Two days ago in a post about judicial pay I said that most judges are good at what they do. Sometimes, though, their judgment is suspect. As reported in the New York Law Journal on January 8 (subscription required), in October 2004 New York trial court Judge Joel M. Goldberg was presiding over a defendant Damian Nicholson’s jury trial on robbery charges. At 3:30 PM on Friday on the first day of jury deliberations the judge faced one juror’s need to leave for a 4:00 PM appointment and another juror’s conflict that would require postponing deliberations until the following Tuesday. Judge Goldberg gave Nicholson a choice: “waive his right to a jury trial[, . . . ] accept the judge’s verdict of guilty on” the lesser included offense of third-degree robbery, and spend a year in prison. If the jury found him guilty Nicholson would face a minimum of five years in prison. The jury told the judge it had reached a verdict. The judge allowed Nicholson to confer with his lawyer and mother for “a few moments” and said “I hate to say this is a game show . . . So five minutes to four I don’t know what to say but the options are yours.” While Nicholson waived his options the judge told him he could not keep the jury waiting much longer, that if Nicholson wanted to waive the jury trial and accept the judge’s verdict “you will have to do it now.” Nicholson waived the jury trial and took the year sentence, serving eleven months. His lawyer learned later that the jury would have acquitted Nicholson. On appeal the court reversed the judgment because the deal Goldberg offered Nicholson was “‘improper” and “coercive.'” The appellate court’s opinion said “[w]hile the trial court was authorized to promise to impose a minimum sentence if the defendant opted for a nonjury trial, no authority existed for the trial court to prematurely determine guilt and the sentence as a condition of the waiver.”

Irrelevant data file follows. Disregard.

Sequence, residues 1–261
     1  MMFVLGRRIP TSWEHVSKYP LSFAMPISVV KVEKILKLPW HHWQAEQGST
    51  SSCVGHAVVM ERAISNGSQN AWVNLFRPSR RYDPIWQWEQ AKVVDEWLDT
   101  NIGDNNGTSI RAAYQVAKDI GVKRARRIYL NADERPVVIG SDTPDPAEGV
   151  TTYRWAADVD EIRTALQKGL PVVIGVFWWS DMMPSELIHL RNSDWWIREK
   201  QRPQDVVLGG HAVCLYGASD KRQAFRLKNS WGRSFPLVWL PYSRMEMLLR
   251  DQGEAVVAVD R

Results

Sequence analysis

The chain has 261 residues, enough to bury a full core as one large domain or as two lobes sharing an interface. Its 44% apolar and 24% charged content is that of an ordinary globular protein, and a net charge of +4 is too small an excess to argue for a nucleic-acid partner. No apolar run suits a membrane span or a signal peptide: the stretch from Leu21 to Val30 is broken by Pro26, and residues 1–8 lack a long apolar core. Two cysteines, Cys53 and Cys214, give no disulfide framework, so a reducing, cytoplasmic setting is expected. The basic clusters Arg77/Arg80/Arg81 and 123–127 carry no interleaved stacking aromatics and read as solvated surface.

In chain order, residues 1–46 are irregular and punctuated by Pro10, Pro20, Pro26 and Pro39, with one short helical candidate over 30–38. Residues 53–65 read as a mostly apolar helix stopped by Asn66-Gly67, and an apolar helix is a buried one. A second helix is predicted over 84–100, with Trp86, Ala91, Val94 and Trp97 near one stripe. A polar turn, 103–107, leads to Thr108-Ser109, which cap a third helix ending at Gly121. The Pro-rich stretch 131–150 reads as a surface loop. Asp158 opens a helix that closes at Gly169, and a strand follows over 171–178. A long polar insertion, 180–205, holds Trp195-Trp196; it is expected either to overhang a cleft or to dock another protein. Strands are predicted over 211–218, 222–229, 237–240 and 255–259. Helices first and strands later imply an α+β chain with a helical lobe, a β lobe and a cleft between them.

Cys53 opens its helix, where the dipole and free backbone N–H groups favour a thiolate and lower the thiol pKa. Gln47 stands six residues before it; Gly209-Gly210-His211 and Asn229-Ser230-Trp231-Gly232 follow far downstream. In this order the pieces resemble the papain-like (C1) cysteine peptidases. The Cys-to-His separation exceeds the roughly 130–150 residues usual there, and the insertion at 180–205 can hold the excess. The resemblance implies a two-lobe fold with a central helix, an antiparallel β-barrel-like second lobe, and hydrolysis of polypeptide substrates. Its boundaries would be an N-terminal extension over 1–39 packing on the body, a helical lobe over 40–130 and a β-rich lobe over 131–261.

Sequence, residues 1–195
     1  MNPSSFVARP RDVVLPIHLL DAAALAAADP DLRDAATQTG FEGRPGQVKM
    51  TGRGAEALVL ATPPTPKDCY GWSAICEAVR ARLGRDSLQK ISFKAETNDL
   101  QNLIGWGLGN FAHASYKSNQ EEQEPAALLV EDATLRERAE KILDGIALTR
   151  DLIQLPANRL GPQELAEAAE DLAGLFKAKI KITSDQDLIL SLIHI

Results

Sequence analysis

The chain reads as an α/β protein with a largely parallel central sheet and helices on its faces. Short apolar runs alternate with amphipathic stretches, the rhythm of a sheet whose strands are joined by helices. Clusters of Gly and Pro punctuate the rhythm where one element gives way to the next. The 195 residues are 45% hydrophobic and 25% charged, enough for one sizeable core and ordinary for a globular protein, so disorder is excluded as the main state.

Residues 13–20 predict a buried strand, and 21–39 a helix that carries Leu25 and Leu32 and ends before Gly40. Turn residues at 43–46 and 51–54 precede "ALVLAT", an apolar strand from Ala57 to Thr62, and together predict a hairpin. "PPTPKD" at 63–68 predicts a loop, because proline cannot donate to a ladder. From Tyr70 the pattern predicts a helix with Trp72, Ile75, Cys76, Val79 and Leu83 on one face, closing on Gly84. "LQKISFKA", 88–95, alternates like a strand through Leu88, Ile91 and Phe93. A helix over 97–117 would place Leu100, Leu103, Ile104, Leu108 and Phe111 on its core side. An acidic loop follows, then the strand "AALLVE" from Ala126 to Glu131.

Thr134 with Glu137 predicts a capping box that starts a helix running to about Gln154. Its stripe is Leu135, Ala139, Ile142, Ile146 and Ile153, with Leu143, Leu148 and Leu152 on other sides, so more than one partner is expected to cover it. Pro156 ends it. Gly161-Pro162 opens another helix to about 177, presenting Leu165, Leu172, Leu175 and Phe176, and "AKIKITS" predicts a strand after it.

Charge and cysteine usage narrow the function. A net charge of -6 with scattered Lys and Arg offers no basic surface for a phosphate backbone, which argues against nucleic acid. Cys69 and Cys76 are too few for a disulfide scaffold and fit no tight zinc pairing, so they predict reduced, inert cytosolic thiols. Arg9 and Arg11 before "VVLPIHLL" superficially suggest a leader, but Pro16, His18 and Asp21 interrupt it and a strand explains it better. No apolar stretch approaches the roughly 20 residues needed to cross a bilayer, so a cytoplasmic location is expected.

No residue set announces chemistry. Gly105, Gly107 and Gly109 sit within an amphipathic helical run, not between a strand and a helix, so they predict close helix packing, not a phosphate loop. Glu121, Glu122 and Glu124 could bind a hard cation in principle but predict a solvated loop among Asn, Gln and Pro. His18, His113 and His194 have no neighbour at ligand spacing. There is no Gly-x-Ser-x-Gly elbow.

I don’t conclude that Justice Goldberg is a bad judge. I don’t see any meanness in his motivation. He was too focused on the clock and the imposition on the jurors if he extended deliberations to the following week. His seat-of-the-pants solution did, in essence, convert Nicholson’s dilemma into a game-show choice. Fine for The Price is Right, but a denial of due process in a criminal trial. He made a very human error of judgment the type that we all make without consequence because our actions are not subject to appellate review.